Beware that loading the middleware without configuring the webserver to set the request header X-Sendfile-Type to a supported type (X-Accel-Redirect for nginx, X-Sendfile for Apache and Lighttpd), could lead to the disclosure of private paths to malicious clients setting that header.

Nginx needs the additional X-Accel-Mapping header to be set in the webserver configuration, so the middleware will replace the absolute path of the IO object with the internal nginx path. This is also useful to prevent a buggy app to server random files from the filesystem, as it's an internal redirect.

An nginx configuration for FastCGI could look so:

 server {
     server_name example.com;
     root /my/app/root;
     location /private/repo/ {
         internal;
         alias /my/app/repo/;
     }
     location /private/staging/ {
         internal;
         alias /my/app/staging/;
     }
     location @proxy {
         include /etc/nginx/fastcgi_params;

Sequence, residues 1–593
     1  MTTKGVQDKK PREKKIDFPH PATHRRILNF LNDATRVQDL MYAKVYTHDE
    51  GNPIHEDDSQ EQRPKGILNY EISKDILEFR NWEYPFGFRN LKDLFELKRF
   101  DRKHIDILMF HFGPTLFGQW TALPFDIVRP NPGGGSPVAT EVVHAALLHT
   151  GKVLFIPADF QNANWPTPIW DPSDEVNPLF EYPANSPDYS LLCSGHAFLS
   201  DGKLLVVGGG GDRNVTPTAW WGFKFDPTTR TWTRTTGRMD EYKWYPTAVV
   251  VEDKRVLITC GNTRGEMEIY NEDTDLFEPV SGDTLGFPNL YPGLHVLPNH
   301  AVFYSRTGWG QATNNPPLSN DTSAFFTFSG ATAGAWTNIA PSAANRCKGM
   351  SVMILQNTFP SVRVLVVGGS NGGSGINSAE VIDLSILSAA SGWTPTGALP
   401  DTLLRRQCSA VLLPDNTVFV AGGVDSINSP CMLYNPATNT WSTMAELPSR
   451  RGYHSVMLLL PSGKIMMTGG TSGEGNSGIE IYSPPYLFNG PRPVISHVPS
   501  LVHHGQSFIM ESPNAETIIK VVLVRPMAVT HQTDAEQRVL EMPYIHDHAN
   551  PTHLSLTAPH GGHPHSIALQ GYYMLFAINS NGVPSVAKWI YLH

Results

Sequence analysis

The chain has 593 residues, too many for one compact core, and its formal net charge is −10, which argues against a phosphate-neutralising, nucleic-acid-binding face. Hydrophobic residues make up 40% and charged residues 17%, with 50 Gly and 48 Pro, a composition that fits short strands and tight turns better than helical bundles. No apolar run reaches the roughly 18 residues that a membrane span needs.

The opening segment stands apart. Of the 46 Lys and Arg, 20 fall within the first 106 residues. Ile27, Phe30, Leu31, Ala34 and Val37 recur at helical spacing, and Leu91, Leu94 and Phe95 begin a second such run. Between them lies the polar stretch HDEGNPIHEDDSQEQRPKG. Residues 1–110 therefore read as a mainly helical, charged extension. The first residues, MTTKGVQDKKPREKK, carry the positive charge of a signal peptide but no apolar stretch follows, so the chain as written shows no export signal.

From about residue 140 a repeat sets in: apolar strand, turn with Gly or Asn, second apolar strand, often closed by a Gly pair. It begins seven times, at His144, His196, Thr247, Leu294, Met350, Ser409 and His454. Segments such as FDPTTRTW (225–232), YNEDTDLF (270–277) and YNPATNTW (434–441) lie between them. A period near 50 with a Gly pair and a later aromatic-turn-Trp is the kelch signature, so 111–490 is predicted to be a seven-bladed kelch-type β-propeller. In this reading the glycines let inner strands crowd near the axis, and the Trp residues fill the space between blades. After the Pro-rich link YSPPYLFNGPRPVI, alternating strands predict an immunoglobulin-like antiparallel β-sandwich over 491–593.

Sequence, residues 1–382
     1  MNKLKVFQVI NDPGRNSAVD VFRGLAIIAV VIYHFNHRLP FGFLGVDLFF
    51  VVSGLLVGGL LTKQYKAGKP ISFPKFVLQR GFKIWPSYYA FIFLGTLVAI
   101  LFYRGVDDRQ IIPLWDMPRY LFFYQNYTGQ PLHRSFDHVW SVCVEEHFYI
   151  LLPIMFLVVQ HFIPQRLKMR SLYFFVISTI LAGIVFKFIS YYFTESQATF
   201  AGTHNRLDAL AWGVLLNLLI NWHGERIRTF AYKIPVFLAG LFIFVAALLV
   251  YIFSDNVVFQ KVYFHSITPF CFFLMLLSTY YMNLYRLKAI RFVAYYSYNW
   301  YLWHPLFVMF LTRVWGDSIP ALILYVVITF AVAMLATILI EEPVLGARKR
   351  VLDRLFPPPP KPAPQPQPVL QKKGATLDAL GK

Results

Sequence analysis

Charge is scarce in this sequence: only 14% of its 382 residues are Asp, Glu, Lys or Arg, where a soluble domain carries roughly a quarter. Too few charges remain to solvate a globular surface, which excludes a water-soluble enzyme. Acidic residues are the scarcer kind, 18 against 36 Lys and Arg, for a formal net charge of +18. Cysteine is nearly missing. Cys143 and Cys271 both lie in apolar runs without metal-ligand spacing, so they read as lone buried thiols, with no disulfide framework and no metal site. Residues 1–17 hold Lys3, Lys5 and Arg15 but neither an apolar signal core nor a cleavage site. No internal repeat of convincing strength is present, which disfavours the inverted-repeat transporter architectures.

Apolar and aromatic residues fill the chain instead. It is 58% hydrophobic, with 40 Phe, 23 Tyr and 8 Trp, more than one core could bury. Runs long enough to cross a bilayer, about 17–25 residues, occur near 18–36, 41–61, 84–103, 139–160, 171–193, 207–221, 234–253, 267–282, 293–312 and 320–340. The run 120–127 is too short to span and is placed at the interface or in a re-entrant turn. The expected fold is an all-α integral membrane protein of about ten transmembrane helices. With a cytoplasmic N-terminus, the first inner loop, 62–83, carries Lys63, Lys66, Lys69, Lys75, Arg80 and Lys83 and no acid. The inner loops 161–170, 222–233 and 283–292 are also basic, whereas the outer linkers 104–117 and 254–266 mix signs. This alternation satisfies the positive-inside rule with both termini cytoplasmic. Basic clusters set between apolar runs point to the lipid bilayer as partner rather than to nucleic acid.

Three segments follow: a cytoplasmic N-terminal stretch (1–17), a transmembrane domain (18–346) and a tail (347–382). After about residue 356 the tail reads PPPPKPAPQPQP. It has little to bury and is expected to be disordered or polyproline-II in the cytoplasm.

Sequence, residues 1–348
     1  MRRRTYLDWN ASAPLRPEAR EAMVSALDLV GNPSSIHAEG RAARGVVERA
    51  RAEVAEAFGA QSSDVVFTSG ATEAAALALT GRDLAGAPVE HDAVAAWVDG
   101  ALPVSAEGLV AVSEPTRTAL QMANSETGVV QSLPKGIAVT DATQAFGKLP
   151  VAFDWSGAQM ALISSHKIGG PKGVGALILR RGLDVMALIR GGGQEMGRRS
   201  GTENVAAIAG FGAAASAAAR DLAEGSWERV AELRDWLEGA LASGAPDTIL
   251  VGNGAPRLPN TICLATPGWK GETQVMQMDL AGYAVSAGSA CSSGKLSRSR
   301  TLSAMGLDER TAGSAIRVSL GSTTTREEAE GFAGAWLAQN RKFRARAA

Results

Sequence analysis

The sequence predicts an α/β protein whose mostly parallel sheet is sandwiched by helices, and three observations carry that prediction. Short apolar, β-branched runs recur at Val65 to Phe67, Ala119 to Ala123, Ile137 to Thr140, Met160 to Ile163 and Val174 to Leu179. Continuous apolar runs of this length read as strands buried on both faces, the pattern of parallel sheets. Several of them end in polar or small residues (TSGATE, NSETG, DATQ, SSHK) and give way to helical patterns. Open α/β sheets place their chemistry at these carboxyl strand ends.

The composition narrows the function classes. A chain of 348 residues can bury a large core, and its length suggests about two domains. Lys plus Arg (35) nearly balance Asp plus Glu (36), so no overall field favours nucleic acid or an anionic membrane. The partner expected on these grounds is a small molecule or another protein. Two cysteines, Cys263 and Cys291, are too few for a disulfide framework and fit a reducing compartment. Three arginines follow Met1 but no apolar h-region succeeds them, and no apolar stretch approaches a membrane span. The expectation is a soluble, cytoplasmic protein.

fastcgi_param SCRIPT_NAME '';
         fastcgi_param PATH_INFO   $fastcgi_script_name;
         fastcgi_param HTTP_X_SENDFILE_TYPE X-Accel-Redirect;
         fastcgi_param HTTP_X_ACCEL_MAPPING /my/app=/private;
         fastcgi_pass  unix:/my/app/run/app.sock;
    }
 }

In the example above, passing filehandles with a local path matching /my/app/staging or /my/app/repo will be served by nginx. Passing paths with other locations will lead to an internal server error.

Setting the body to a filehandle without the path method bypasses the middleware completely.

For Apache and Lighttpd, the mapping doesn't apply and setting the X-Sendfile-Type is enough.

$res->has_body

Predicate which returns true when a body has been set.

$res->code

Alias for $res->status.

$res->content_encoding

Shortcut for $res->headers->content_encoding.

$res->content_length

Shortcut for $res->headers->content_length.

$res->content_type

Shortcut for $res->headers->content_type.